By Syed Muhammad Abubaka
The Global Climate Risk Index has placed Pakistan on the fifth spot on the list of countries most vulnerable to climate change in its annual report for 2020, which was released by the think-tank Germanwatch on Wednesday.
According to the report, Pakistan lost 9,989 lives, suffered economic losses worth $3.8 billion and witnessed 152 extreme weather events from 1999 to 2018 and based on this data, the think-tank has concluded that Pakistan’s vulnerability to climate change is increasing.
A screenshot of the list of the 10 most vulnerable countries to climate change in the long run. — courteys Germanwatch report
The data also indicates that the government, as well as the world, is not taking enough measures to cope with the challenges and risks that climate change poses to Pakistan, experts say.
According to the report, Pakistan is among the countries that are “recurrently affected by catastrophes [and] continuously rank among the most affected countries both in the long-term index and in the index for the respective year”.
Apart from Pakistan, the countries on the list of the 10 countries most affected by climate change include Puerto Rico (1), Myanmar (2), Haiti (3), Philippines (4), Vietnam (6), Bangladesh (7), Thailand (8), Nepal (9) and Dominica (10).
Out of ten countries on the long-term index, seven are developing countries in the low income or lower-middle income category, two are classified as upper-middle-income countries (Thailand and Dominica) and one is an advanced economy (Puerto Rico).
Geographical location and lack of action
One of the reasons for Pakistan to be continuously ranked high in the long-term index of the report is mainly due to its geographical location.
Read: Can Climate change Pakistan?
According to David Eckstein, one of the co-authors of this report, “the entire region where Pakistan is located is prone to extreme weather events, in particular, heavy rainfalls e.g. during monsoon season, and floodings as a result.”
Advisor to the Prime Minister on Climate Change Malik Amin Aslam Khan, while commenting on Pakistan’s ranking in the 2020 report, said: “Our ranking over the long-term index went up from eight to fifth because the period used amplifies our most climate catastrophic events in 2010/2011 when the super floods hit.”
“In terms of economic costs at $3.8 million, we are number three over a 20-year period. What this means is that our economy is constantly at risk from climate catastrophes and this is not just an environmental challenge but an issue impacting our economy, human health, agriculture and ecosystem,” he explained.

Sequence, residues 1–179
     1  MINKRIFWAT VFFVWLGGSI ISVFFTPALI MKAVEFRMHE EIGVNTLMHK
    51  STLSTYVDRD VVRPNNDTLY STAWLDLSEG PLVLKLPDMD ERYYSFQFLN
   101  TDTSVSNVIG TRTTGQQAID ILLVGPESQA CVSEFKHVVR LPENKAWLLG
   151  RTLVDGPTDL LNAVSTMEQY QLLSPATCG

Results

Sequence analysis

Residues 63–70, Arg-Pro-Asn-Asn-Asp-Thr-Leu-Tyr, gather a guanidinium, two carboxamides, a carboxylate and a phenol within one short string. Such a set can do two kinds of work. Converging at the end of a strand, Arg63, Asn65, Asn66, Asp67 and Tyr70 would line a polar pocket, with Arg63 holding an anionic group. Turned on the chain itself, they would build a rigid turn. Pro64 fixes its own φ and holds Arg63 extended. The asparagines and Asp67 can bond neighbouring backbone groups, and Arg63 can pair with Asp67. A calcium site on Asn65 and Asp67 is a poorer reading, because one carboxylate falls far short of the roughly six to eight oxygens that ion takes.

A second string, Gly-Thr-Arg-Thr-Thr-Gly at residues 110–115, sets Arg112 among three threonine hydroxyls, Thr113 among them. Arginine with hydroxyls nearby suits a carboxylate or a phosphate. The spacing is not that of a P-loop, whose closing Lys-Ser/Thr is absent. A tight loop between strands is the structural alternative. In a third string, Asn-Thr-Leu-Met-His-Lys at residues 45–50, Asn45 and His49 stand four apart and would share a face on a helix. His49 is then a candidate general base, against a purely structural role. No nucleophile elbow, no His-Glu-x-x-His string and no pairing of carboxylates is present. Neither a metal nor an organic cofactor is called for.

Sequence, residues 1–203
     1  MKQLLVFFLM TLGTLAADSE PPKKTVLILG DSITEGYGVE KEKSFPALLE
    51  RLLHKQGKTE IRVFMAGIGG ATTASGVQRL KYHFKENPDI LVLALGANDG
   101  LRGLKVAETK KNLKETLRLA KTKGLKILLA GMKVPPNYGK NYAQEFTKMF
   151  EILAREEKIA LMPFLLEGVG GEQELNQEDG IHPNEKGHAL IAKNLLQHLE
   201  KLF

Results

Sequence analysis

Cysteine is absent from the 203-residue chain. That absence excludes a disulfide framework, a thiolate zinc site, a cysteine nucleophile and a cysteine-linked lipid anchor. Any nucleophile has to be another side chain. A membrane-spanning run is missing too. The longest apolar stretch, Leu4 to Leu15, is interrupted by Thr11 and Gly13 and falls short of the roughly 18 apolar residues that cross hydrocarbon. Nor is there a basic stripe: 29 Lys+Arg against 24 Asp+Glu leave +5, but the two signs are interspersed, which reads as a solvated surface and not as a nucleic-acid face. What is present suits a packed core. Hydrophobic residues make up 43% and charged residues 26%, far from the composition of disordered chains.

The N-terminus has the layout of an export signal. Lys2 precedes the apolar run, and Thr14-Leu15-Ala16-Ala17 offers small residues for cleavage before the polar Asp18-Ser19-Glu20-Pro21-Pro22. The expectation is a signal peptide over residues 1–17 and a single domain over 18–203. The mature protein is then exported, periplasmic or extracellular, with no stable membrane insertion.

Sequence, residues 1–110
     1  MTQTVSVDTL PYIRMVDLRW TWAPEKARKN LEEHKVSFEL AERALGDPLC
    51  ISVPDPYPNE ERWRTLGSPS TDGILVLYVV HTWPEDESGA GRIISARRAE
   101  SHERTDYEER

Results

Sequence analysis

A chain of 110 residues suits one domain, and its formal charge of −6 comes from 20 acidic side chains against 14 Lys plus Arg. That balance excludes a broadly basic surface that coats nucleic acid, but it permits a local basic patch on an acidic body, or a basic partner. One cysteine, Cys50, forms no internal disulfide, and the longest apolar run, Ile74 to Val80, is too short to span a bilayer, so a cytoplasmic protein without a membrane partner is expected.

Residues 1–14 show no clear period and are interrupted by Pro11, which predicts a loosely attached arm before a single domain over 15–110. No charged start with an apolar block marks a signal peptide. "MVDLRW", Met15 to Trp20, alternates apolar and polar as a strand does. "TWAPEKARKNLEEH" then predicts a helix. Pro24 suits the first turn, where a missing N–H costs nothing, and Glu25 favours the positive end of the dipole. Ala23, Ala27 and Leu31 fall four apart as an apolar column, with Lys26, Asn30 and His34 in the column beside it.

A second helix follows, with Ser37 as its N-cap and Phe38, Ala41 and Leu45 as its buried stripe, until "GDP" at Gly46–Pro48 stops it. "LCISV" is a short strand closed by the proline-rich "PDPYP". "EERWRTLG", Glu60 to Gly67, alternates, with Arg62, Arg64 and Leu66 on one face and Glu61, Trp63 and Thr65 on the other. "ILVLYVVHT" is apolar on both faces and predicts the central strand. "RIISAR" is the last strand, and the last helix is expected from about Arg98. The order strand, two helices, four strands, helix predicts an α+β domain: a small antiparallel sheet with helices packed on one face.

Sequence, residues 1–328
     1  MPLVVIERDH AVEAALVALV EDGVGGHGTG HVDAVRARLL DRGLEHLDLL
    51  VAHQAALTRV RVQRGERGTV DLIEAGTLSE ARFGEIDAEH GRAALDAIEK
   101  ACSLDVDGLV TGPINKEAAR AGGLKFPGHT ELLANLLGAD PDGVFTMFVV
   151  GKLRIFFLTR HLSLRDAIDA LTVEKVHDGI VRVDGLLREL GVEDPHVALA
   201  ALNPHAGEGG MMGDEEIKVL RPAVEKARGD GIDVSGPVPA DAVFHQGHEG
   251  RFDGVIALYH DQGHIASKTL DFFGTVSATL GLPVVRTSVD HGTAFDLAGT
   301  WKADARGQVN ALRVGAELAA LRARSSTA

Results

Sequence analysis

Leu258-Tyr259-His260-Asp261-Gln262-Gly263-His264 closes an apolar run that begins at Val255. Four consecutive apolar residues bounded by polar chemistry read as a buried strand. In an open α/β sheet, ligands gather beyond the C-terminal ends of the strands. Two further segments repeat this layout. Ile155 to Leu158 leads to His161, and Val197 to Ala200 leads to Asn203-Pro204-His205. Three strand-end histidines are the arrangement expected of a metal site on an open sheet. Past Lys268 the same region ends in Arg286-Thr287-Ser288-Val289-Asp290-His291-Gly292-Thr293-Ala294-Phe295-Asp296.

Dr Adil Najam, the dean of Pardee School of Global Studies, Boston University blames the lack of action taken to combat climate change risks.
“The report clearly indicates that the world hasn’t acted, so the vulnerability of the whole world is increasing, and since Pakistan hasn’t acted, things are worsening for us too,” he said.
Talking about the threat of rapidly melting glaciers that resulted into Glacial Lake Outburst Floods (GLOFs) in Pakistan, Dr Najam said, “The glaciers won’t stop melting because there was a beautiful speech.”
He was referring to a recent speech by Prime Minister Imran Khan at the seventh International Union for Conservation of Nature Asia Regional Conservation Forum, where the premier had highlighted the dangers Pakistan faced by climate change, while pointing at measures his government had taken to curb the impact.
For Dr Najam, however, the speech is not good enough.
“If we don’t do anything, we should not expect anything to change or become better.”
As Pakistan is situated in a vulnerable geographical location, where the intensity and frequency of extreme weather events are high, Eckstein urges the government to develop appropriate measures like projects, programmes and plans to protect the most vulnerable population. At the same time, he realises that, in order to succeed in its efforts, Pakistan will require assistance.
“It cannot do this with its own means, most likely, therefore, it will require the financial and technical support from the international community through channels, such as the Green Climate Fund (GCF),” he said.
The 2015 Paris Accord required the 196 parties to the agreement to submit their Nationally Determined Contributions (NDCs) — their plans to reduce temperatures and adapt to the impacts of climate change.
Pakistan’s NDC revealed that the country needs US$ 40 billion to reduce 20 per cent of its emissions for 2030 and US$ 7-14 billion annually for adaptation. Independent experts state these figures as unrealistic but Malik Amin Aslam believes the “it reflects the amount that the global climate finance infrastructure needs to make available for Pakistan to shift towards a low carbon trajectory growth”.